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This thesis is diametrically opposed to the opinion of many biblical scholars, who consider the veiled mentions of the war in the synoptic Apocalypse and elsewhere in the gospels as prophecies-after-the-facts and therefore as references to the war.This interpretation of the doom prophecies are the basis for dating most New Testament writings after the end of the war in 70 CE, the four gospels being the most important of them.He, like most western theologians since the Renaissance and the Enlightenment, view the authors of scripture primarily as competing individuals rather than as part of the Church.He has difficulty accepting the authors of scripture as people who cooperated in the proclamation and promulgation of the Gospel.The author is clear in making his points and very well equipped with biblical verses to back them up.(Actually I’m surprised at some of the connections he makes with verses from other books, tying it in beautifully with the historical account) If you’re looking for a scholarly work on the dating of the New Testament, this is a must read!He contrasts this with the apocryphal books, with their use of the earlier destruction of Jerusalem by the Babylonians standing in for the recent Roman actions. That there is no reason to accept the late dates becomes increasingly clear as these preconceptions are dealt with and swept aside.(Robinson contrasts the restrained style of the canonical books with the more flamboyant and detailed post-event writings of II Baruch, II Esdras, and the Sibylline Oracles.) Ultimately he supports the (then shocking) conclusion that none of the New Testament books were written after 70 A. What is also clear is that Robinson (as a theological modernist), has no conception of the church or tradition as an authority.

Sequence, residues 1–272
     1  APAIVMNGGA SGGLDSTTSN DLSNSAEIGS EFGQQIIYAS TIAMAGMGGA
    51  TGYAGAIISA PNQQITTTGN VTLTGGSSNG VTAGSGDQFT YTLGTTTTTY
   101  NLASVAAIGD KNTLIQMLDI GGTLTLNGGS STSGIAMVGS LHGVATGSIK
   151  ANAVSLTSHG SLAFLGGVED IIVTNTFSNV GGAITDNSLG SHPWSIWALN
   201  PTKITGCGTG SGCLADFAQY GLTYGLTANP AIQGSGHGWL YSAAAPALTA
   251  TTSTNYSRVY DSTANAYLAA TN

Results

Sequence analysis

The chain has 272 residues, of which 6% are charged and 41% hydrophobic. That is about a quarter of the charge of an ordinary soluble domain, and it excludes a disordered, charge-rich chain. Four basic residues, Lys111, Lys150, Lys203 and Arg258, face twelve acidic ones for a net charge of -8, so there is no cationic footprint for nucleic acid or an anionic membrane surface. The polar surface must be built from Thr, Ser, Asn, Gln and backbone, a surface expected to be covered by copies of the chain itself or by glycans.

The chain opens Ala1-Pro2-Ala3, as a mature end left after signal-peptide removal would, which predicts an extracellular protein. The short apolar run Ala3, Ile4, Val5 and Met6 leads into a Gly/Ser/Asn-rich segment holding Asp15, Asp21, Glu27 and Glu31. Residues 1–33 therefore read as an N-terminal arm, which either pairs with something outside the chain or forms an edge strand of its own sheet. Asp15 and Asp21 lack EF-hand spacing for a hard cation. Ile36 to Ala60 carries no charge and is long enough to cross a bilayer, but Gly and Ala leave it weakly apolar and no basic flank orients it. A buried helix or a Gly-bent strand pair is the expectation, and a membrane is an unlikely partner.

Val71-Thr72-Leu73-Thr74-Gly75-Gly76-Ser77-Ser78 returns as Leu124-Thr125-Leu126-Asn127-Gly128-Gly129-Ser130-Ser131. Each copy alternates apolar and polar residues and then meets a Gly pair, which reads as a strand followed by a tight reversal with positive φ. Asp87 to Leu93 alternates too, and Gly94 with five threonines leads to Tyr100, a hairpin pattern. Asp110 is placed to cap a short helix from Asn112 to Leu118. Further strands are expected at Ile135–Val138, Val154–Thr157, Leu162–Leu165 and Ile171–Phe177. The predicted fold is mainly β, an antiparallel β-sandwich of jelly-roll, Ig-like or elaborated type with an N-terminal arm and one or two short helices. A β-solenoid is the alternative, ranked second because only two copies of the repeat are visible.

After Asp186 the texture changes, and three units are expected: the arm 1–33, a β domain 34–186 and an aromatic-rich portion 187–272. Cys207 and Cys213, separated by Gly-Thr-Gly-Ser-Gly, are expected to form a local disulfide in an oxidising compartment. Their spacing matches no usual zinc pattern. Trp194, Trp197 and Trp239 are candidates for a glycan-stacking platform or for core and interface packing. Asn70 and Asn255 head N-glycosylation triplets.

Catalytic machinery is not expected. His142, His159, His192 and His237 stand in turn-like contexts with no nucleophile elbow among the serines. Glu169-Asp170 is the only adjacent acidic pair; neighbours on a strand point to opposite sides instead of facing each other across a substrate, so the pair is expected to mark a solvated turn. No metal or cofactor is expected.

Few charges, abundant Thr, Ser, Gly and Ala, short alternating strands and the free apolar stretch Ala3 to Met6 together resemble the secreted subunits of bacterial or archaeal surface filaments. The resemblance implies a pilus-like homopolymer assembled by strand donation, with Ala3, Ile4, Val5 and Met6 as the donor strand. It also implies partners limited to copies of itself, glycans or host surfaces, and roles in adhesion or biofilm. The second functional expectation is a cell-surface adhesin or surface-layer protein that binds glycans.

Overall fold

His main and final conclusion thus is “There is, first of all, the observation that all the various types of the early church’s literature (including the Didache, a version of its ‘manual of discipline’) were coming into being more or less concurrently in the period between 40 and 70.”This book will definitely effect you if not completely change your mind on the assumed dates that you have been taught without any internal exegetical or external historical evidence. At some point he asked himself "why any of the books of the New Testament needed to be put after the fall of Jerusalem in 70." He notes that none of the books make any reference (actual or metaphorical) to the destruction of Jerusalem as a past event. Robinson (1919-1983) was a thoroughgoing theological modernist.
Yet Robinson does the Church a great service by laying bare the ephemeral nature of the claims that many of the New Testament writings were not written by their ascribed authors.
He notes that the claims based on statistical word counts, diction, and style are all over the map, pointing to the probability that their differences can be ascribed as much to differences in the preconceptions used to construct the statistical algorithms.
Personally I didn’t follow up on the material provided but I’m sure it can be useful to others as he cites many authors unheard of by majority of scholars.
Also Robinson is very in-depth with his research and doesn’t leave one stone unturned. Robinson (1919-1983) was a thoroughgoing theological modernist.